To her surprise – as if Taiba could still be surprised by something – moving trough rock happened in complete silence. After all, the rocks stayed where they were – it was them who moved.
But because of that silence, she could clearly hear the man breathing heavily and at some moments muttering to himself in a lamentable manner. She could also hear silent weeping and at some point Taiba realized it was her.
The woman caught herself praying – praying! As if someone out there would listen – for this to end. A silent ‘please, please, please, please, please…’ echoed inside her head as they moved through layer after layer of solid rock, which didn’t seem to end. Taiba was on the verge of wishing the man left her here to be crushed under the mountain. Anything seemed better than this.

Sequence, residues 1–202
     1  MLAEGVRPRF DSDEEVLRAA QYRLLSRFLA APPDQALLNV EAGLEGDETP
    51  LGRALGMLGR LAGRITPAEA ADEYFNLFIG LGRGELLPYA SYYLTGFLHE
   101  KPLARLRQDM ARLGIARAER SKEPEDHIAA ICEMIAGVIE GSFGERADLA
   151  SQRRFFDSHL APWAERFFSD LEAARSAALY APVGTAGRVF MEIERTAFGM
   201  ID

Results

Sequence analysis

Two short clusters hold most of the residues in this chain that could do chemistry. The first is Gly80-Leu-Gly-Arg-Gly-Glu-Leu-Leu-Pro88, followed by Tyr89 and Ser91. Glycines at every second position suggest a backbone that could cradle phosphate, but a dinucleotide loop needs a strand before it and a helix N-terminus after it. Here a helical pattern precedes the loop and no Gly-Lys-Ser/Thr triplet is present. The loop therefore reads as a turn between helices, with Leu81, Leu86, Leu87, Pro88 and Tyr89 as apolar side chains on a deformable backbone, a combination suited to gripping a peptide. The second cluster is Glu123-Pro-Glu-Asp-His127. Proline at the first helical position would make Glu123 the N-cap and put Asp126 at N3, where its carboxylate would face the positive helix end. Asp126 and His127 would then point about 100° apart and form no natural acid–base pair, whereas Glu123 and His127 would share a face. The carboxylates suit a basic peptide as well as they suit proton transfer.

She desperately attempted to fight this feeling of despair. Instead of the awful sensation, she forced herself to focus on the man – the only thing near her that felt right and safe and good. Taiba focused on the scratchy fabric of his robe that smelled of burned wood and blood. She assumed its previous owner must have forfeited his life and she felt happy for it.
Underneath the robe Taiba felt something inflexible and firm and she could hear metallic clinks. The man was probably wearing armour. The Marag tried to recall their last meeting once more. She could barely remember anything from it and, besides, she didn’t get a good look at the man back then. Maybe he was wearing armour.
The Marag focused on his cold hands on her skin. The coat slid off her arms and back and because her rags consisted mostly of holes and the fabric itself wasn’t thick enough to block out the feeling, Taiba could tell exactly where his skin met hers. It wasn’t unpleasant.